Author: Terah Edun
Book Name: Sworn to Raise
Genre: Fantasy/Young Adult
Blurb: Seventeen-year-old Ciardis has grown up in poverty, a cleaner in a small vale on the outskirts of the empire. But beneath her empire’s seemingly idyllic surface lies a hidden secret. Whispers of an inept crown Prince are growing ever louder—intensified by the five year anniversary of the soulbond initiations.
Amidst scandalous whispers, Ciardis finds herself chosen to train for the Companions Guild. She leaves her home and sets off on a personal journey to become a Court Companion. A position she’d never thought possible for a lowly servant to obtain, she must prove that she has the skills to attract a Patron.
But she must master those skills quickly. If the legends are true, only Ciardis can harness the power to raise a Prince in an Imperial Court sworn to bring him down.
Review: I don’t usually choose to read young adult books unless they are by an author that I already really enjoy, and often not even then, so picking up this book was unusual for me. From what I could tell on Amazon, it isn’t actually classified as young adult, but based on the content of the story, it really can’t be considered an adult book.
The world this book was set in seems to be intriguing, but I didn’t feel as though there was really enough detail for me to really get more than just hints here and there of what could have been something incredible, which prevented me from really getting enveloped in that world. There were even things that, on the surface, seemed a bit contradictory to what the world appeared to be. In a magical, non-industrial type of world it is confusing to have mentions of things that lead the reader to think of modern or even steampunk types of things. If those things are possible in that world, then it should be made clear, otherwise it is just confusing and difficult for a reader to imagine the world the characters live in.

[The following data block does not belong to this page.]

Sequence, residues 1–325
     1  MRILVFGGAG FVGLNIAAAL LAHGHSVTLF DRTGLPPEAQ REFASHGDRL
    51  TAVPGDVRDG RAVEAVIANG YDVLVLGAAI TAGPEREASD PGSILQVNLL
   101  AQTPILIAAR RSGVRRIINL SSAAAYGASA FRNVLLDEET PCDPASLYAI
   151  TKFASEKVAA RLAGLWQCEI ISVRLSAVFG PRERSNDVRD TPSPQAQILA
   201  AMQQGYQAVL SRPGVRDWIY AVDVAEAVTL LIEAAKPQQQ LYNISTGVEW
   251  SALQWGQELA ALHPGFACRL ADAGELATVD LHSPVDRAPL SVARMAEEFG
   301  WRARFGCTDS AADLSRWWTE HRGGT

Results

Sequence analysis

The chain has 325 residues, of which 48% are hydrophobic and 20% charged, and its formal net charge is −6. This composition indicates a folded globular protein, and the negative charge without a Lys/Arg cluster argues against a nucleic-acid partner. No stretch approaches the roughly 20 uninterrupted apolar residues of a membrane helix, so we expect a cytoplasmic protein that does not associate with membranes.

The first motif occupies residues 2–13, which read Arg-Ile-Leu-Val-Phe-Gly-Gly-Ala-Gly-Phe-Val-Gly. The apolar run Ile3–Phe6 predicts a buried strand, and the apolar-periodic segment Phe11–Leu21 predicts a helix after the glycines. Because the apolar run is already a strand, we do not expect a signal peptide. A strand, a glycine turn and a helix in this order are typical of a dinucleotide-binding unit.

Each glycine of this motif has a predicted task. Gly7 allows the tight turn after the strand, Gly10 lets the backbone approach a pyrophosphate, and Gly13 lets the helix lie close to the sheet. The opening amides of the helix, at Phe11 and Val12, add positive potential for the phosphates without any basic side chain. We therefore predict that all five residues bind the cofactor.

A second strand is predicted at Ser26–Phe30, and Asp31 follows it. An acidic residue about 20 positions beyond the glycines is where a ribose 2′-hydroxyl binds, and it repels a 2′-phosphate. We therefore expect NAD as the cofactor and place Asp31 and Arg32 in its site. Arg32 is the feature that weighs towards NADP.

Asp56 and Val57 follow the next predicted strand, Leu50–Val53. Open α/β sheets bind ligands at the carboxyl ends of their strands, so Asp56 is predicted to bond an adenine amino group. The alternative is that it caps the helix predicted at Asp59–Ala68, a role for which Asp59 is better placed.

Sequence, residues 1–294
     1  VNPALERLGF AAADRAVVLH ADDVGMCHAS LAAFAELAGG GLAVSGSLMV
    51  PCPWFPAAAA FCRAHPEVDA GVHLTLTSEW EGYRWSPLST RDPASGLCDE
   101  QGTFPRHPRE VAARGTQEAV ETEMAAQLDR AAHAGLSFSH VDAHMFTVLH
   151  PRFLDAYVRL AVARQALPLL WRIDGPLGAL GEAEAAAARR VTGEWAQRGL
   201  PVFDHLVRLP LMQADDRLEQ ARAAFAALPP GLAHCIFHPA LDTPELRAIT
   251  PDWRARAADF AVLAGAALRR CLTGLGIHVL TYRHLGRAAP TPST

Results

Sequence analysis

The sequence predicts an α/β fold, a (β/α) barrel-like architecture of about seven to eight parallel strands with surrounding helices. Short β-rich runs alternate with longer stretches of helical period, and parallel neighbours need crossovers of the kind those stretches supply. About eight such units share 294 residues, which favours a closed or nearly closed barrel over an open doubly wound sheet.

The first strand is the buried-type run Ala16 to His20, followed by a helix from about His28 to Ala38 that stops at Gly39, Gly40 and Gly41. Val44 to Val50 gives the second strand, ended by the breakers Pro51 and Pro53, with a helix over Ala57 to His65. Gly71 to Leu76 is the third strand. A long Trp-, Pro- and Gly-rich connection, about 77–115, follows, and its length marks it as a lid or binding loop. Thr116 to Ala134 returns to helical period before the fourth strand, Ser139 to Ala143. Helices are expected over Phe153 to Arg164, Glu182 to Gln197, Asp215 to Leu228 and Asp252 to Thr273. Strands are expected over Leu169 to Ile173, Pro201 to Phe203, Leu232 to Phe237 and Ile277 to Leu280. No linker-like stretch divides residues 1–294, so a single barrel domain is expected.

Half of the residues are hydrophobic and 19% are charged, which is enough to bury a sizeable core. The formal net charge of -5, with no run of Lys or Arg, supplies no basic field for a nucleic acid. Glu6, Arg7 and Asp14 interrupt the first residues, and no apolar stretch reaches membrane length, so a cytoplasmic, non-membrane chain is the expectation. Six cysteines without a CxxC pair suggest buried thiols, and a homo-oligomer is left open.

I’ve mentioned before that I’m not a fan of fantasy books that take advantage of the fact that since there is magic in the world that there are utterly simple solutions to complex problems, ie… the miracle, magical fix. This books has that and to me, that is kind of like cheating. You don’t really have to be creative to solve a problem, just introduce a character that can just magically make the problem go away without any effort at all.
Lots of bits and information in this book left me confused as to what, not only the world was supposed to be like, but the real end purpose of the storyline. Since this is a part of a series, the overall plot seemed really thin, like there were lots of incomplete thoughts and ideas running around it in. I’m not sure if it is because this was geared to a younger audience that it lacked depth (one of the reasons I tend to shy away from the YA books), but it felt like it was missing a lot that could have made it so much richer and more engaging.
Overall, this wasn’t a bad book. I think that the series may have potential, but because there were enough things that bothered me and kept me from getting immersed in the story, I may not take the time to read more in the series. If I do, it will be when I just don’t have anything else I want to read on hand.